From this the free energy can be determined:

${\ displaystyle F = (E ^ {*} - TS_ {m} ^ {*}) - {\ frac {k _ {\ mathrm {B}} T} {2}} \ ln (2 \ pi k _ {\ mathrm {B}} T ^ {2} C_ {V}) \ approx E ^ {*} - TS_ {m} ^ {*}}$

The last term can be neglected in the thermodynamic limes, since this is while the others are. Thus, the free energy belonging to the canonical ensemble was reduced to the sizes of the microcanonical ensemble and . ${\ displaystyle {\ mathcal {O}} (\ ln N)}$${\ displaystyle {\ mathcal {O}} (N)}$${\ displaystyle E ^ {*}}$${\ displaystyle S_ {m} ^ {*}}$

### Fluctuation of entropy, pressure and chemical potential

The fluctuation range of the entropy can be traced back to the fluctuation range of the energy and thus related to the heat capacity:

{\ displaystyle {\ begin {aligned} (\ Delta S_ {k}) ^ {2} & = \ langle (-k _ {\ mathrm {B}} \ ln {\ boldsymbol {\ rho}}) ^ {2} \ rangle -k _ {\ mathrm {B}} ^ {2} \ langle -k _ {\ mathrm {B}} \ ln {\ varvec {\ rho}} \ rangle ^ {2} = k _ {\ mathrm {B} } ^ {2} \ langle [\ ln (Z) + \ beta {\ boldsymbol {H}}] ^ {2} \ rangle -k _ {\ mathrm {B}} ^ {2} \ langle \ ln (Z) + \ beta {\ varvec {H}} \ rangle ^ {2} \\ & = k _ {\ mathrm {B}} ^ {2} \ beta ^ {2} \ left [\ langle {\ varvec {H}} ^ {2} \ rangle - \ langle {\ boldsymbol {H}} \ rangle ^ {2} \ right] = {\ frac {1} {T ^ {2}}} (\ Delta E_ {k}) ^ { 2} = k _ {\ mathrm {B}} C_ {V} \ end {aligned}}}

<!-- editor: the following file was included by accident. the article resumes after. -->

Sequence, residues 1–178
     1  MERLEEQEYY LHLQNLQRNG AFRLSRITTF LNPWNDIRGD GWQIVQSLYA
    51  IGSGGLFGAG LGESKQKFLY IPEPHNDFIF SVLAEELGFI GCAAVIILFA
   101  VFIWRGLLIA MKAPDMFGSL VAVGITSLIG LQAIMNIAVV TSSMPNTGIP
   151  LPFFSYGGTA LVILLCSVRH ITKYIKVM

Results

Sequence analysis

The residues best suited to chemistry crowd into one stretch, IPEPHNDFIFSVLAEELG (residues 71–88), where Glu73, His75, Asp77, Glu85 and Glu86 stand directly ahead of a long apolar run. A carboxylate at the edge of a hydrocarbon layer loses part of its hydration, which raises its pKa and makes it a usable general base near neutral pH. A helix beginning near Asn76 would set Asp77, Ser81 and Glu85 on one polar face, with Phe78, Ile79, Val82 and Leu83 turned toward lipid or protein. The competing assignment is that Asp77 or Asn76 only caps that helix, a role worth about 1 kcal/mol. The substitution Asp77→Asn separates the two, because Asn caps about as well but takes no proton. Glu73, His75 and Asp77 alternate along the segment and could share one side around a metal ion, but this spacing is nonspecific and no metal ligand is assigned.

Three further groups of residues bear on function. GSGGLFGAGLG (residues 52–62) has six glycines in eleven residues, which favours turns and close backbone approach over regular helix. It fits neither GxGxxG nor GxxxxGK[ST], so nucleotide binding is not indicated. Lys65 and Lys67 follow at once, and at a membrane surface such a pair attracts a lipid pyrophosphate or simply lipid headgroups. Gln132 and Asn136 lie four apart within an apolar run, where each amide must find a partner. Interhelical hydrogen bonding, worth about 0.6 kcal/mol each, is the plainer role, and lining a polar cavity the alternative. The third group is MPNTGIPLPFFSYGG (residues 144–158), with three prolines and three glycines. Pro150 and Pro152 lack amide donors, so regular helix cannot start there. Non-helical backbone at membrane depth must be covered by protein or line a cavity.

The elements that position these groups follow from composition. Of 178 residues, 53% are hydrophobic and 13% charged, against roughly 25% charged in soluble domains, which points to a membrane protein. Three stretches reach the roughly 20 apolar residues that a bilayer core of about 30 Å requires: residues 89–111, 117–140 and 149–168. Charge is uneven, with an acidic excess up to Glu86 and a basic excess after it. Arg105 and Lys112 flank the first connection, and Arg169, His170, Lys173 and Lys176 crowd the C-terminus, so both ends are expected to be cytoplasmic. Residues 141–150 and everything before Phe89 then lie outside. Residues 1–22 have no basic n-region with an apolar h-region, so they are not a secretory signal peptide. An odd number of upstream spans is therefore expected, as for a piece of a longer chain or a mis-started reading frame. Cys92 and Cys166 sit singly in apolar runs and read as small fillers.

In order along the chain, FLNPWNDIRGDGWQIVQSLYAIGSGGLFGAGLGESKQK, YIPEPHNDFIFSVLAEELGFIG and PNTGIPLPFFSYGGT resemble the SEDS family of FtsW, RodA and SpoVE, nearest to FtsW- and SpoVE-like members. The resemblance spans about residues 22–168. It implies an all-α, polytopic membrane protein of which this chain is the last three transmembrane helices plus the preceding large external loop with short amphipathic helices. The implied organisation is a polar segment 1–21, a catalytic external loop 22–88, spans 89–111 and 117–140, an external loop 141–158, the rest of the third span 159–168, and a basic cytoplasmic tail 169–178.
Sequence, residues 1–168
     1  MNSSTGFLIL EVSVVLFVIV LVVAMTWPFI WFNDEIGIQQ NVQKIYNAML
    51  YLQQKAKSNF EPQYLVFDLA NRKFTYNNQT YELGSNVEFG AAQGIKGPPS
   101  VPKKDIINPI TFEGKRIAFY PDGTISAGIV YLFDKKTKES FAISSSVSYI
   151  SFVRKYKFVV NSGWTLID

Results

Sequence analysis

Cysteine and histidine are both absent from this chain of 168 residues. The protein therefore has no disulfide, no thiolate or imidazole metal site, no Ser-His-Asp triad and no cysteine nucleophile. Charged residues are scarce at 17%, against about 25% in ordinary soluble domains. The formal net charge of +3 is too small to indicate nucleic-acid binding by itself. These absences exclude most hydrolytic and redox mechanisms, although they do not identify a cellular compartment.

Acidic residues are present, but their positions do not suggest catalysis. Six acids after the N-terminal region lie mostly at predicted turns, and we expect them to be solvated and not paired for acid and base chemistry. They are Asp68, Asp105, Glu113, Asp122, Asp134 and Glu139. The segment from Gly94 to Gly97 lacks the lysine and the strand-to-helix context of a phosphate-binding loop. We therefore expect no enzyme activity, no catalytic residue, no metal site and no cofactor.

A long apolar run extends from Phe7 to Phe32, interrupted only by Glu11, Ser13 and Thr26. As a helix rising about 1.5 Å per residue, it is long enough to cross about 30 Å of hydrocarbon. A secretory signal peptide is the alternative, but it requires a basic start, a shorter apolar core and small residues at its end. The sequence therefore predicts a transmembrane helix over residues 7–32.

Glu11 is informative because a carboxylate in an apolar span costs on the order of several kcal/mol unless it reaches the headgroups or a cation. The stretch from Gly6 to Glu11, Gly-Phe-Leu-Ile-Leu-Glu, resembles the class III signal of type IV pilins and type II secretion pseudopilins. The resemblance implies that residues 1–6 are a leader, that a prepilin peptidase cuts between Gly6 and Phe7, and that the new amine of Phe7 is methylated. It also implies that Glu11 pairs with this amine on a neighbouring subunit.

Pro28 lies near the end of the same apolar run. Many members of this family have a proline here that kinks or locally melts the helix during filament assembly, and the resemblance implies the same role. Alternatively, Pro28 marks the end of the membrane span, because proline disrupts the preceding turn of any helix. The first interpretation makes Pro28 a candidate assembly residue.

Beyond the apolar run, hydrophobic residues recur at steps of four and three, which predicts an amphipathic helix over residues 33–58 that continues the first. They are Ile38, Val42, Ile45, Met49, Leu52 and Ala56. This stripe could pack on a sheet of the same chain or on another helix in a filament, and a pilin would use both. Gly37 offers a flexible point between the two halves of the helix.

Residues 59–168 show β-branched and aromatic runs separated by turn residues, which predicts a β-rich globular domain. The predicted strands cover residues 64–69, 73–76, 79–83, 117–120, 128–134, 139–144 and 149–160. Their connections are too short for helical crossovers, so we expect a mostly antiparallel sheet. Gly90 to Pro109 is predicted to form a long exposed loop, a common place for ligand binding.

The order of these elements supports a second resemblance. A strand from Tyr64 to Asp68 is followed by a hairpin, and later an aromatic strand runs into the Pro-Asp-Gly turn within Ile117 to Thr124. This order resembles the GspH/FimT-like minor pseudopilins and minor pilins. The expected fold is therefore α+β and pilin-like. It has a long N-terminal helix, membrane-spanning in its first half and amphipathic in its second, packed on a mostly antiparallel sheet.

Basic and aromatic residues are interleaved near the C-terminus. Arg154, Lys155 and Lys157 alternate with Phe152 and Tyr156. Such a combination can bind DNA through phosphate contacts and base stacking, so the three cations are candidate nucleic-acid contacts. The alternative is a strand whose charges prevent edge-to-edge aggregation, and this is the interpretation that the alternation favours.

For the squared fluctuation range of the pressure results:

{\ displaystyle {\ begin {aligned} (\ Delta p_ {k}) ^ {2} & = \ left \ langle \ left (- {\ frac {\ partial {\ boldsymbol {H}}} {\ partial V} } \ right) ^ {2} \ right \ rangle - \ left \ langle - {\ frac {\ partial {\ boldsymbol {H}}} {\ partial V}} \ right \ rangle ^ {2} = {\ frac {1} {\ beta ^ {2}}} {\ frac {\ partial ^ {2} \ ln Z} {\ partial V ^ {2}}} + {\ frac {1} {\ beta}} \ left \ langle {\ frac {\ partial ^ {2} {\ boldsymbol {H}}} {\ partial V ^ {2}}} \ right \ rangle \\ & = - {\ frac {1} {\ beta}} {\ frac {\ partial ^ {2} F} {\ partial V ^ {2}}} + {\ frac {1} {\ beta}} \ left \ langle {\ frac {\ partial ^ {2} {\ boldsymbol {H}}} {\ partial V ^ {2}}} \ right \ rangle = {\ frac {1} {\ beta}} {\ frac {\ partial p_ {k}} {\ partial V}} + {\ frac {1} {\ beta}} \ left \ langle {\ frac {\ partial ^ {2} {\ boldsymbol {H}}} {\ partial V ^ {2}}} \ right \ rangle = - { \ frac {1} {\ beta}} {\ frac {1} {V \ kappa _ {T}}} + {\ frac {1} {\ beta}} \ left \ langle {\ frac {\ partial ^ { 2} {\ boldsymbol {H}}} {\ partial V ^ {2}}} \ right \ rangle \ end {aligned}}}